What kind of place can make me wish I ordered the fish over a delicious NY Strip? C19.
There's so much to like about this place. It has a great atmosphere; there's something intangible about C19 that really makes you feel like they care about their food and the entire dining experience.
I like to take pictures of my food; but I had no chance at C19. I was too busy eating it.
To start, the service was a little slow. But once we had our orders placed, there weren't any problems. I highly recommend the wine flights. The sommelier comes out and chooses several different wines to pair with the food and gives tasting notes on each wine. He really put effort into explaining and arranging, and not because it was his job; but because he really loves wine and wants to share that.
For starters, I ordered the snails, Nutzle had the beet salad, and we both enjoyed these starters. She then got the special, local black bass. It was amazing. I'm salivating just thinking about it. The NY strip I had was good; a nice dry rub, thick cut served medium rare. But I wouldn't rave about it.
The only potential downside is that for the portions, the food is a little pricey. But because of the location in the city, as well as the focus on fresh, local, sustainable ingredients, the prices are warranted. I will be back soon.
PS, there's a tiny TV in the corner of the bar, so if it's playoff time and you've promised to take someone out for a nice meal, this is the perfect spot!
267 S 19th St
Reservations via Opentable.com
Philadelphia Magaznie puts together an ambition list every year called "Best of Philly." In a number of different categories, the magazine tries to describe not only the best food, but shopping, nightlife, and basically every facet of city life.
So that's a cool idea. But I took issue with a few of the winners. Sure, everyone is entitled to their own opinion, and I'm certainly over critical. I guess that's why I'm writing this right now. I'm submitting a few of my own revisions. They certainly have more categories than I could every attempt on my own. But still...please comment:
Philadelphia Mag: Nom Nom Ramen
My Pick: Nan Zhou Hand Drawn Noodle House: New location makes slurping these delicious (and cheap!) noodles even better.
Best Whiskey List
Philadelphia Mag: Village Whiskey
My Pick: JRs Place: Sure, Garces has a great restaurant. But JRs, despite the strange location and atmoshopere, simply has more whiskey. And it's cheaper to boot.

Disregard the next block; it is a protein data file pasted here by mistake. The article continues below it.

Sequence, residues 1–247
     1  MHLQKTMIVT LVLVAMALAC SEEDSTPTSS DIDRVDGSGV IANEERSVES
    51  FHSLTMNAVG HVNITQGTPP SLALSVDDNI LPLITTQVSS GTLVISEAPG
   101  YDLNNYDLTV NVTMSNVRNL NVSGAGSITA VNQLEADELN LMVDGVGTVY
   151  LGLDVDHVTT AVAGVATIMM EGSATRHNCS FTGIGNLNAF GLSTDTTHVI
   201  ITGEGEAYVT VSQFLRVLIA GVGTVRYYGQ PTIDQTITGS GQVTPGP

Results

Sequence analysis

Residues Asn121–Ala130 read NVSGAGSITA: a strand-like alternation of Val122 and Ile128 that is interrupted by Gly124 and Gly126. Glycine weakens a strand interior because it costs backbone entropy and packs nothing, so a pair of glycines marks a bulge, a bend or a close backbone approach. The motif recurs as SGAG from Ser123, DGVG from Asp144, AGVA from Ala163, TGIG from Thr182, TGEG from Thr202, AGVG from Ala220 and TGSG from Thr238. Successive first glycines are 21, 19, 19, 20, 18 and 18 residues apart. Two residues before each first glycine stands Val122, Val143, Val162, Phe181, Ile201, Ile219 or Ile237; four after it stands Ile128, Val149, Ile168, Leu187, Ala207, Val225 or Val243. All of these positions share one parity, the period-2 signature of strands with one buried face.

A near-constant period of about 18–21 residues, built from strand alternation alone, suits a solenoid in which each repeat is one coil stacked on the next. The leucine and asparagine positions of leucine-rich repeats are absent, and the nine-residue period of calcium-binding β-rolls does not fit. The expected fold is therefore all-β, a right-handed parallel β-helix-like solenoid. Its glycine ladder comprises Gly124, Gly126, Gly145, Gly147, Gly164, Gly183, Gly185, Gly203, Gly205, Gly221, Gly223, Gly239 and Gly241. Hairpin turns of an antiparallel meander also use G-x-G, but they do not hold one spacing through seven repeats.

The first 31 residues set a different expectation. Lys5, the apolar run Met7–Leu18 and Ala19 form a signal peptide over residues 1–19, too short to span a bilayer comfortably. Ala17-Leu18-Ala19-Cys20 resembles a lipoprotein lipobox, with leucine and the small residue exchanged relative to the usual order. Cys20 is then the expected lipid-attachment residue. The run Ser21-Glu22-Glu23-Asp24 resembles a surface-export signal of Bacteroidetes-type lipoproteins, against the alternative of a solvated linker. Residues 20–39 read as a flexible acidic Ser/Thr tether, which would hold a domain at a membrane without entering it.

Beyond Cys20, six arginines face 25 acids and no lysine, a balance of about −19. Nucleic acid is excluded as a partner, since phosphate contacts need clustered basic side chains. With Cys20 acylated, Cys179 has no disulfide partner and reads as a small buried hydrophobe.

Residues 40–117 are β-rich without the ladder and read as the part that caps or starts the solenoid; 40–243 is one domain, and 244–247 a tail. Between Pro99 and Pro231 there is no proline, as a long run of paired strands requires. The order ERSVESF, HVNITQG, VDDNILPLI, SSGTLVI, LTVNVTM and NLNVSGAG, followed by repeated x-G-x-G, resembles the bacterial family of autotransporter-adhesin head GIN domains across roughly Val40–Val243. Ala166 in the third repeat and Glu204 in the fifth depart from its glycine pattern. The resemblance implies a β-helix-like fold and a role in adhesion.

Philadelphia Mag: Fitzwater Cafe: Not sure how this place won. There are at least a handful doing better breakfast.
My Pick: Carmen's Country Kitchen: I know I'm biased towards Carmen's. But I love the idea of this place: two sweet options, two savory. Local, fresh ingredients. A friendly staff that always asks your name when you come inside. Maybe Carmen's isn't the best breakfast, but it's certainly my favorite.
Best Beer Shop
Philadelphia Mag: Bottle shop at Local 44
My Pick: Go to New Jersey: I know this is for Philadelphia, but seriously, the prices on 6 packs and to go beer here are so expensive, it's just a joke. Really for the best beer in the city, Bella Vista has the best selection but highest prices as well. Global or Bell's are the best distributors in the city.
Philadelphia Mag: Pitruco Pizza: Sure, they're good, and a brick oven in a truck is a cool idea. But when food trucks hit $8-9, it's just not the best option in that price range
My Pick: Honests Tom's wins for food, and Rival Bros wins for drink: Both of these truck focus on one thing, and do that one thing immensely well.
Best Coffee Shop
Philadelphia Mag: Ultimo
My Pick: Oneshot Coffee: Both are excellent and this is more a matter of preference, but you'd be hard pressed to find a better looking coffee shop than the renovated Oneshot. The food and coffee is great as well.
Best Cocktail Bar